The 2023 adaptation finance gap update and emerging lessons and best practice on how to bridge the gap

Webinars - By : Vivian DEPOUES, PhD

Click here to register to Adaptation Futures

 

 

I4CE at Adaptation Futures 2023 (October 2-6, 2023)

Held every two years, Adaptation Futures is the leading international conference dedicated to adaptation to climate change. It brings together researchers, decision-makers, practitioners and companies working on adaptation from all over the world. In 2023, the United Nations Environment Programme (UNEP), in partnership with Ouranos and the Government of Canada, is organizing the 7th edition in Montreal.   

 

I4CE will be present throughout the week, with two highlights co-organized with our partners: 

 

  • the 2023 adaptation finance gap update and emerging lessons and best practice on how to bridge the gap;
  • “South”, the new frontiers of adaptation in the “North”? see more informations about this event

 

Date: October 6th, 2023

Time: 08.30-10.00 AM (UTC-4) // 02.30-04.00 PM (CEST)

Format : in person and online

Partners : Paul Watkiss Associates

Description of the event

This proposed knowledge sharing session will present the new findings of the Adaptation Finance Gap analysis 2023. The format will be based on a series of short presentations, followed by an interactive discussion session on how to bridge the gap. The adaptation finance gap is defined as the difference between the estimated costs of meeting a given adaptation target and the amount of finance available (UNEP, 2014).

 

Based on a combination of global and national studies, the UNEP adaptation gap report (AGR) estimated the annual costs / financial needs for adaptation in developing countries at between US$ 160 billion and US$ 340 billion by 2030 (UNEP, 2016).

 

With increasing levels of climate change, this annual cost was projected to increase to between US$ 315 billion and US$ 565 billion by 2050. The most recent gap report (UNEP, 2022) suggests that for developing countries, the estimated adaptation costs – and likely adaptation financing needs – could be five to 10 times greater than current international adaptation finance flows (as reported by OECD, 2022).

 

These adaptation cost estimates were produced in 2015. Much has changed since then, with improved academic studies and country submissions. A major update of the costs of adaptation is being undertaken in 2023. This research will update the estimates of the costs of adaptation, the estimated financing needs from developing countries, and the levels of finance flows. This will be used to estimate the size of the adaptation finance gap. This new gap estimate has extremely high relevance for the new collective, quantified goal on climate finance.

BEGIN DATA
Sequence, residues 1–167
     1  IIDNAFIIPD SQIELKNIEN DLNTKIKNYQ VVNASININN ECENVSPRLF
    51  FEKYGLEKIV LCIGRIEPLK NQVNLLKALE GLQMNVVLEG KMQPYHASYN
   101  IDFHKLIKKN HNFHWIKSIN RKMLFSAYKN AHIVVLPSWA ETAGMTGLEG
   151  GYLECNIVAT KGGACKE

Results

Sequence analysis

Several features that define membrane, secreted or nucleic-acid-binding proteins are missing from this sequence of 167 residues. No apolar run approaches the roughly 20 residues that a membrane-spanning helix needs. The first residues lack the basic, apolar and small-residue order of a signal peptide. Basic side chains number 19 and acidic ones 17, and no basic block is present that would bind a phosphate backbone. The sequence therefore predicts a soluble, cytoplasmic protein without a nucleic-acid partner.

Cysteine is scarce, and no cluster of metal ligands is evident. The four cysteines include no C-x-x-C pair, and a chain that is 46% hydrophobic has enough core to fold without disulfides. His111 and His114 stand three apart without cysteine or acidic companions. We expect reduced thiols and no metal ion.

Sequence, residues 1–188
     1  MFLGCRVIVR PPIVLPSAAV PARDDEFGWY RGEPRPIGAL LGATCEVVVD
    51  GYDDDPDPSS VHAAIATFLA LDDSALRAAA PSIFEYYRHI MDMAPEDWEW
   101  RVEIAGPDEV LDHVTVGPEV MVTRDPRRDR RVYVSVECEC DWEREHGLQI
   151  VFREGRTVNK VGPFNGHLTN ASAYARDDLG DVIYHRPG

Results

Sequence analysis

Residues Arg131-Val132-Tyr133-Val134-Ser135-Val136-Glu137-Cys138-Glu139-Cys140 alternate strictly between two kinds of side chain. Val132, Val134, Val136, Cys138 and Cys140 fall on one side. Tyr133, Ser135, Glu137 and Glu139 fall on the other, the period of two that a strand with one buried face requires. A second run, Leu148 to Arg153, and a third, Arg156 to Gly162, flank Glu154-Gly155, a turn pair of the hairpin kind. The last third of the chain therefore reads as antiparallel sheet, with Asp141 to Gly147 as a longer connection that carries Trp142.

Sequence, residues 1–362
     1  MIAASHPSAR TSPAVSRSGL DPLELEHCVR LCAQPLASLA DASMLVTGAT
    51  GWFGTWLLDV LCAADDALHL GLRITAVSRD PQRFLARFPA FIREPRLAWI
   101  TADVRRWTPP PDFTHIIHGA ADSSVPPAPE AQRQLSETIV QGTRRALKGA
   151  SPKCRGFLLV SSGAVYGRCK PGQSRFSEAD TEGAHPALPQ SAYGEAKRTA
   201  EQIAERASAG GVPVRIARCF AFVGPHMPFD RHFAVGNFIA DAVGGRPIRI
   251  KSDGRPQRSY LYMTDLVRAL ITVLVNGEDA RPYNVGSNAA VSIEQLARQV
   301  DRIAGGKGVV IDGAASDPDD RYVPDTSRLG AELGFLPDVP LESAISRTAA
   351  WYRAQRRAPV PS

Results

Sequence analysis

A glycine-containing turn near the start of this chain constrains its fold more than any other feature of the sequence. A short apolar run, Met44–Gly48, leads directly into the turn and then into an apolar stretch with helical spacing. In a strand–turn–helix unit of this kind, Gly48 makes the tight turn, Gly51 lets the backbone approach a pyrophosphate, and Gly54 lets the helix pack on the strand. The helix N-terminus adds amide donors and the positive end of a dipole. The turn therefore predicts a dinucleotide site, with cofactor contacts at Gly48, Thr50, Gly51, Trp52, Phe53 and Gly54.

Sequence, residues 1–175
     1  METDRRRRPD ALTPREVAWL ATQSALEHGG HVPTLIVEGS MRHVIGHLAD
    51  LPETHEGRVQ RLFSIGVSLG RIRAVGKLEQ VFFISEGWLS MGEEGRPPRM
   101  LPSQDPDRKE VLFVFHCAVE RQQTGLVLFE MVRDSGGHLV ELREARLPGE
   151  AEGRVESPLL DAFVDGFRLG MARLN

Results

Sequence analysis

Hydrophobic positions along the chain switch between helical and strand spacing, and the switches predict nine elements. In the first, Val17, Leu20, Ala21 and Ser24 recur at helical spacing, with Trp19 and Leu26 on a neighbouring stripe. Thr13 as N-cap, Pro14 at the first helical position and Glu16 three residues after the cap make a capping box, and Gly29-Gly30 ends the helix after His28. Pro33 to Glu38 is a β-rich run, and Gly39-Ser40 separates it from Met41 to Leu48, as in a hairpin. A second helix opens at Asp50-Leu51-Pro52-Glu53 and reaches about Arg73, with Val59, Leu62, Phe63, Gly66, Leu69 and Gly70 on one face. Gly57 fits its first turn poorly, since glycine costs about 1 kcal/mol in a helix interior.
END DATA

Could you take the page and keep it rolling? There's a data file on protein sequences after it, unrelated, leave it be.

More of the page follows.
This session will present the headline research findings from the updated AGR 2023 study. It will present and discuss the updated estimates, providing details of various evidence lines (costs of adaptation, country financial needs from NDCs and NAPs, adaptation finance flows), and present and discuss the implications of these new estimates for the adaptation finance gap.

 

This session will discuss how different countries and organizations are tackling this challenge. We will present the work developed in France as part of our most recent projects (Quanti-Adapt et Economic implications of adaptation pathways). 

 

Speakers: 

  • Vivian Dépoues (I4CE) ;
  • Paul Watkiss and Blanche Butera (Paul Watkiss Associates) ;
  • Henry Neufeldt (PNUE) ; 
  • Dipesh Chapagain (Oxfam) ; 
  • Georgia Savvidouu (Chalmers University of Technology). 

 

Click here to register to Adaptation Futures

06 Oct 2023

The 2023 adaptation finance gap update and emerging lessons and best practice on how to bridge the gap

I4CE Contacts
Vivian DEPOUES, PhD
Vivian DEPOUES, PhD
Senior Research Fellow – Adaptation and Local authorities Email
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